Maybe for you Bro this true - but between the ages of 38 and 47 I was working as a jobbing gardener - I started off with ramps to get the machinery in the van, after a few months I could lift it all - 60 kilos was the heaviest - and that went on until I ceased being a gardener.
Since I have had a job that is very sedentary - have trouble lifting my coffee cup now.
I don't think that F1 unlike other physical sports has that much of an impact physically, Handling G force is something the body trains to and everything else is ritual gyming to stay toned which a 40+ year old is well as capable of as a 20+ year old.
Maybe eye sight and the peripheral vision and that crud goes a bit......but seriously I think if we look at Michael, he is so fit and for the love of money hope he sticks around for a while yet.
This applies to the entire human race.As you get older your whole body effectively slows down and becomes slighly less effecient.Apart from racing my other hobby was weightlifting.
Even at 55 I could still lift the same weight as could at 25.But I was unable to do it consistently in competition over the course of a day.The problem was stamina levels as my body took longer and longer to recover from each individual lift.
Added to which the continued strain and pressures on my back and knees became unsustainable and then I needed a few days to recover fro my efforts.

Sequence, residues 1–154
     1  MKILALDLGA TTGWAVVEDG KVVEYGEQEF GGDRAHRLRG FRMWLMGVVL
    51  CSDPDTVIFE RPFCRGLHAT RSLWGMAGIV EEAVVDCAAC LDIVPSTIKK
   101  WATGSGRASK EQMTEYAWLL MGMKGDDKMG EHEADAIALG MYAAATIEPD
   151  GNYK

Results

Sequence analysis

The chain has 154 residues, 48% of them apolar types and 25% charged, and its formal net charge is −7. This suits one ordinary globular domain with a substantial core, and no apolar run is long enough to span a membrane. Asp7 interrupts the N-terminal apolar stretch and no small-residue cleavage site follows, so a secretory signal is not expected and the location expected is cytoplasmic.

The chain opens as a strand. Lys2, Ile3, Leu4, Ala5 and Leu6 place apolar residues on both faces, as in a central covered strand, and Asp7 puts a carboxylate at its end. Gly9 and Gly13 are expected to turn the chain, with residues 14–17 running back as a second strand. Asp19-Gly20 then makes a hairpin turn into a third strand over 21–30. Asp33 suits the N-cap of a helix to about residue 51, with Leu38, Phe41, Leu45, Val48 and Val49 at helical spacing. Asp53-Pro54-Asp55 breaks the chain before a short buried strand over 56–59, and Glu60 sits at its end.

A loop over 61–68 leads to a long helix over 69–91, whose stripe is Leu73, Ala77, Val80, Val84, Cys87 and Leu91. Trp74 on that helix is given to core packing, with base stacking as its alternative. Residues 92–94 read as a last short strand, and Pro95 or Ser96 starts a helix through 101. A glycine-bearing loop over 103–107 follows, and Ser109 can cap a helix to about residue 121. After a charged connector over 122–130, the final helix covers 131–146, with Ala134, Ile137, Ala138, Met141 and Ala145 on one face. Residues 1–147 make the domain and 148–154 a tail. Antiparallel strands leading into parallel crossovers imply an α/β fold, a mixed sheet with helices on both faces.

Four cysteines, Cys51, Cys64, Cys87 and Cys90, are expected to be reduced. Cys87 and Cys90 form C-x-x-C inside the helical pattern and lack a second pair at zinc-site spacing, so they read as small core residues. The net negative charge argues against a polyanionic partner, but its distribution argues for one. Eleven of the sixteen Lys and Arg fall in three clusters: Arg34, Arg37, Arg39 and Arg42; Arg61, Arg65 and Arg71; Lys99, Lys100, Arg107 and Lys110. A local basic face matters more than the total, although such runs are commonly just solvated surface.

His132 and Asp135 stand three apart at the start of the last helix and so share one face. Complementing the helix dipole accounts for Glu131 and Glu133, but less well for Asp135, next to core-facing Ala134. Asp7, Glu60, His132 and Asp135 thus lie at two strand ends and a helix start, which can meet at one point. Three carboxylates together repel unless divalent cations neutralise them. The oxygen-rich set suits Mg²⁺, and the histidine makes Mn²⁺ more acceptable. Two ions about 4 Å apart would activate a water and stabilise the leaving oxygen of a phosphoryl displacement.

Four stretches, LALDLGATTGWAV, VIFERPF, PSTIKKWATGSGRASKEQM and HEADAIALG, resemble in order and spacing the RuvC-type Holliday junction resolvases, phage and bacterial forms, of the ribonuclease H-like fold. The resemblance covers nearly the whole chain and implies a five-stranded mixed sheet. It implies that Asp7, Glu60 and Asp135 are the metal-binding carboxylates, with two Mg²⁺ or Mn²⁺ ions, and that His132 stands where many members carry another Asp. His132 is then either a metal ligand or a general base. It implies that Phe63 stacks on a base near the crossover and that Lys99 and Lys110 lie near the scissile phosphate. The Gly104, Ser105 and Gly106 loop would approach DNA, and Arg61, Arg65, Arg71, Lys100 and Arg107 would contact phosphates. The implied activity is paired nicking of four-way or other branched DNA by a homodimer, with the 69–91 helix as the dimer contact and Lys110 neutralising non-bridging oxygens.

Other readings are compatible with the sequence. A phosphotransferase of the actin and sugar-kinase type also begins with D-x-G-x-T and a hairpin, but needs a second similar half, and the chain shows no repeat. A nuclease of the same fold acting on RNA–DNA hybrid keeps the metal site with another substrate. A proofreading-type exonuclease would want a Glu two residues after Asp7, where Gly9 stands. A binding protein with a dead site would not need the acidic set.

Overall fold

I'm not sure physical or mental strength is really the issue. can a driver maintain the strength and ability to keep driving fast in a modern F1 car? Actually, I think they could. The main problem I have found with getting old is all the mental baggage I have accumulated. Whether that is coming to terms with one's own mortality and how that affects one's relationships with family and friends (particularly one's own children) or with all the other things that interest us in life. F1 requires the utmost concentration and I think the baggage takes the edge off of that more than anything.
I would think that with F1 being as safe as it is then someone like Schumacher or Barrichello could carry on quite successfully into their 50's. After all, unlike boxers they're not getting punched in the head at every round. Having said that, there is one other factor to consider.
Every generation has the opportunity to benefit from studying those who have gone before and their accumulated knowledge. It stands to reason that if a young gun learns from a master and then innovates with their own intuition and learning then they will outshine their predecessors. Their elders will naturally become uncompetitive as the rising stars build further on the experience and knowledge that is passed down to them.